All in all, I really enjoyed my Cuba trip. There was some definite culture shock and drawbacks but that’s why I travel. It can’t be 5-star accommodations and high luxury all the time. I have to take the good with the not so good and enjoy each country I visit for what it is. The Cuban people and their viewpoints on politics, family, fun, and life is truly unique. Every Cuban seems to be engaged and aware of what’s going on in their country and in the world as it relates to their country. It’s a country of free education, free health care, no rent, and stunning beauty. On the other hand, the average Cuban makes between $20 and $40 a month (depending on who you ask) and only 20% has their own transportation. The cost of cell phone usage, internet, and owning a vehicle are astronomical in comparison to what they make.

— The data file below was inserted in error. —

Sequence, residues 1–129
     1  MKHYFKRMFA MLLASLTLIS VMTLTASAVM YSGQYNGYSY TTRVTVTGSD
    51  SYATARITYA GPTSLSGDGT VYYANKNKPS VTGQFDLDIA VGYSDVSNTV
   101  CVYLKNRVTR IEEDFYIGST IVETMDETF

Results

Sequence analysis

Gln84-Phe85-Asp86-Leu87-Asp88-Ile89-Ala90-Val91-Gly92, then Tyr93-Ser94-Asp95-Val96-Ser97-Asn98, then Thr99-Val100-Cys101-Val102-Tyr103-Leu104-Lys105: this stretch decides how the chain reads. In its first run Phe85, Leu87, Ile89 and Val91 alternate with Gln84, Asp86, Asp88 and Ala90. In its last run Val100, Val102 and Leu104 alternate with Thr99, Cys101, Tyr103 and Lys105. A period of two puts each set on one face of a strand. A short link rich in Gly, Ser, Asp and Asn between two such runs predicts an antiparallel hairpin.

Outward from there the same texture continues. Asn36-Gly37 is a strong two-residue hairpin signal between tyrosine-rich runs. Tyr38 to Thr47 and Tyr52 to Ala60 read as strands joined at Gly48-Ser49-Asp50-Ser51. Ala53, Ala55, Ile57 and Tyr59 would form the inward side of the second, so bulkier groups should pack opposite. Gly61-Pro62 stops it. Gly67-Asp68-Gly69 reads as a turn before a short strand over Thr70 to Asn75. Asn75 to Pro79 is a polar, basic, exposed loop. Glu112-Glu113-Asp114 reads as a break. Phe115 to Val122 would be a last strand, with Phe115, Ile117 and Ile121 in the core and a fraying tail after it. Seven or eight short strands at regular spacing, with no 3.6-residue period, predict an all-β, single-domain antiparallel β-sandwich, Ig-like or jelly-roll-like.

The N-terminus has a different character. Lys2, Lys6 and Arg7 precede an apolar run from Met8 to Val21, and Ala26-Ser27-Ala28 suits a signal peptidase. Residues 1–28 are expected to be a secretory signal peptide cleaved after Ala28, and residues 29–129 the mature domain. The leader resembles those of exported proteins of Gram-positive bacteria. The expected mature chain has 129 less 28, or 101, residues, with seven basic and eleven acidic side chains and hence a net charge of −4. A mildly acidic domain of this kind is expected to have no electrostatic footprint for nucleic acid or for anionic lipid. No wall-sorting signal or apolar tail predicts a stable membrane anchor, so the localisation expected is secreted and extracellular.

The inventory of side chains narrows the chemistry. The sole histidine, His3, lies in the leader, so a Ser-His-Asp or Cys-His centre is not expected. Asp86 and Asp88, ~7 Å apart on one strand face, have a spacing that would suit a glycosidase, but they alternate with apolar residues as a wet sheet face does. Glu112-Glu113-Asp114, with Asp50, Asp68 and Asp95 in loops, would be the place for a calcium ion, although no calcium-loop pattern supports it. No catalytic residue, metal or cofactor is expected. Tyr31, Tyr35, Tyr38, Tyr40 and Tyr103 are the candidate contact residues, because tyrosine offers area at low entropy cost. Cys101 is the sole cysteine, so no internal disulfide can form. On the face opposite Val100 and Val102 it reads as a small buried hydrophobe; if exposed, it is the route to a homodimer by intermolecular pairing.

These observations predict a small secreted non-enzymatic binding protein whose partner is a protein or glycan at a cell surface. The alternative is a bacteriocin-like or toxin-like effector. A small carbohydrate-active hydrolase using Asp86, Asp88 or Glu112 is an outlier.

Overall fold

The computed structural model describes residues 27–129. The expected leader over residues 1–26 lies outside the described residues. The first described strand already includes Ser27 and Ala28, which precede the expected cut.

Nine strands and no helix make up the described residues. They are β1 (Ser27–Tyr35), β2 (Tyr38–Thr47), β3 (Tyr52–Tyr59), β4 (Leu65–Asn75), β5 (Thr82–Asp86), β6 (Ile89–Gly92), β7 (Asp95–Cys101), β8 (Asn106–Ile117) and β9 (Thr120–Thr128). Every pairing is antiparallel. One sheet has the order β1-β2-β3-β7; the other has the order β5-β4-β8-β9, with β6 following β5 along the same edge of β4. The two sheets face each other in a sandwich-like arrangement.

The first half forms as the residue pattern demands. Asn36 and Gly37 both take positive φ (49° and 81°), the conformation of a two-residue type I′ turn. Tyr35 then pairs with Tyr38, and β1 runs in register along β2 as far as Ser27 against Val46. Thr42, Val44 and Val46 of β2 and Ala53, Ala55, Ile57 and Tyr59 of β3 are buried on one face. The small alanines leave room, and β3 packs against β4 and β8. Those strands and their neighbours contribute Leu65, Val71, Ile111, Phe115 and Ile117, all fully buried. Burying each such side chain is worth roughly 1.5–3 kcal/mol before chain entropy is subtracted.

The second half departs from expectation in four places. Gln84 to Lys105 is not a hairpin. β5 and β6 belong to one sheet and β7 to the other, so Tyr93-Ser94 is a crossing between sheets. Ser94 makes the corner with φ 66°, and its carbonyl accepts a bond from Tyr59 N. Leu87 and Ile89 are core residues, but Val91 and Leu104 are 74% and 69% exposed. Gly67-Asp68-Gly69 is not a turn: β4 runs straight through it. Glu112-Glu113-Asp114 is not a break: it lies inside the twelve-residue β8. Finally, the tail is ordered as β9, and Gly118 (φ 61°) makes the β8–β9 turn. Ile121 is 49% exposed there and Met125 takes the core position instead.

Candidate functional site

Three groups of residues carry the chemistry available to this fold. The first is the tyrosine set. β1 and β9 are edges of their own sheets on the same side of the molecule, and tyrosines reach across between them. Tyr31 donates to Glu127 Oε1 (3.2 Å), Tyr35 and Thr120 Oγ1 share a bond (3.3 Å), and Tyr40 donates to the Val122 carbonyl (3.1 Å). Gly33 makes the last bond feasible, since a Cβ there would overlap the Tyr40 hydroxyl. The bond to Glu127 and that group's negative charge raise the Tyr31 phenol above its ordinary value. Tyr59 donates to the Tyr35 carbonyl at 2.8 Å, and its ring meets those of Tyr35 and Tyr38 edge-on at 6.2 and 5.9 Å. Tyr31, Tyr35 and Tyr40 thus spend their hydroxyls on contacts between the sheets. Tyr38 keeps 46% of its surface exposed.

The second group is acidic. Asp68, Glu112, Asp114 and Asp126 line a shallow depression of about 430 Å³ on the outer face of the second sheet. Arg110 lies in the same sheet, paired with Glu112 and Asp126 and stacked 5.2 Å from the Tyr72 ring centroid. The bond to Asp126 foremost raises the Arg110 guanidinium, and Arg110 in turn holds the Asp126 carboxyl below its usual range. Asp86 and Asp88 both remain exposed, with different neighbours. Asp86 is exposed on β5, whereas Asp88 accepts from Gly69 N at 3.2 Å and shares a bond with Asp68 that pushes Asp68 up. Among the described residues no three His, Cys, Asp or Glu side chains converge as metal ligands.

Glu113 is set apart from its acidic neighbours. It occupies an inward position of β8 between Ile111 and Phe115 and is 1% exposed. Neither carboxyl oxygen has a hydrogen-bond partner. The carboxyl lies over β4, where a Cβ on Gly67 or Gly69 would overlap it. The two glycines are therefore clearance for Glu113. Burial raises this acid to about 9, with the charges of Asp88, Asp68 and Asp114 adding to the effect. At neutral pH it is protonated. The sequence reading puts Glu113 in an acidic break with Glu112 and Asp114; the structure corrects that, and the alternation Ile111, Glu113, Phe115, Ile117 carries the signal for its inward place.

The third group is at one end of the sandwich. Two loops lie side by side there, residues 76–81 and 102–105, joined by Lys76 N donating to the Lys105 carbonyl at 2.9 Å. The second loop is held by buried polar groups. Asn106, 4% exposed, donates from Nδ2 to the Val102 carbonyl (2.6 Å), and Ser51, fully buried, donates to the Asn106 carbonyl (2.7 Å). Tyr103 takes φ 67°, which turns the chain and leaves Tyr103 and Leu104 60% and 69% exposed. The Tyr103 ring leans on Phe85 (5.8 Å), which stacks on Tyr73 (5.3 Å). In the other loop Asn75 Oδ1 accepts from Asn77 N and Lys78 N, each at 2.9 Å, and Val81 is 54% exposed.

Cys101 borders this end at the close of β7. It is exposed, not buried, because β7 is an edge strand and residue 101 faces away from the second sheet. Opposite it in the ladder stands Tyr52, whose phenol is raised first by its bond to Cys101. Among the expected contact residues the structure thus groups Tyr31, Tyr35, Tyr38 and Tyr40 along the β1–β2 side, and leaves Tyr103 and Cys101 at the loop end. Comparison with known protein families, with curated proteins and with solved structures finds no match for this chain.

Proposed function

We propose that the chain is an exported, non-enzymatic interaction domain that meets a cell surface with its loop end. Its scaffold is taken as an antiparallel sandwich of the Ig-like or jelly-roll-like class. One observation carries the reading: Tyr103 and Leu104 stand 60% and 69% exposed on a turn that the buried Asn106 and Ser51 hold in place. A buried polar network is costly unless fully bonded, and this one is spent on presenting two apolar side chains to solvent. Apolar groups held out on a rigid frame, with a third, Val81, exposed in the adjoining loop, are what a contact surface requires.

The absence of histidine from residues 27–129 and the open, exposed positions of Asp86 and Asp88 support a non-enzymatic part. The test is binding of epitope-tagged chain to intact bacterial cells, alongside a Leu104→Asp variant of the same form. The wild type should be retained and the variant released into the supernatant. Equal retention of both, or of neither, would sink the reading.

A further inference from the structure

I might have said “people to people” exchange at customs because it’s the easiest category to say but in truth, I really DID exchange ideas with the Cuban people and learned so much about their culture and tried to return with good information about our American culture. Whether or not my trip met the literal letter of the intention of US law, it certainly met the spirit of it.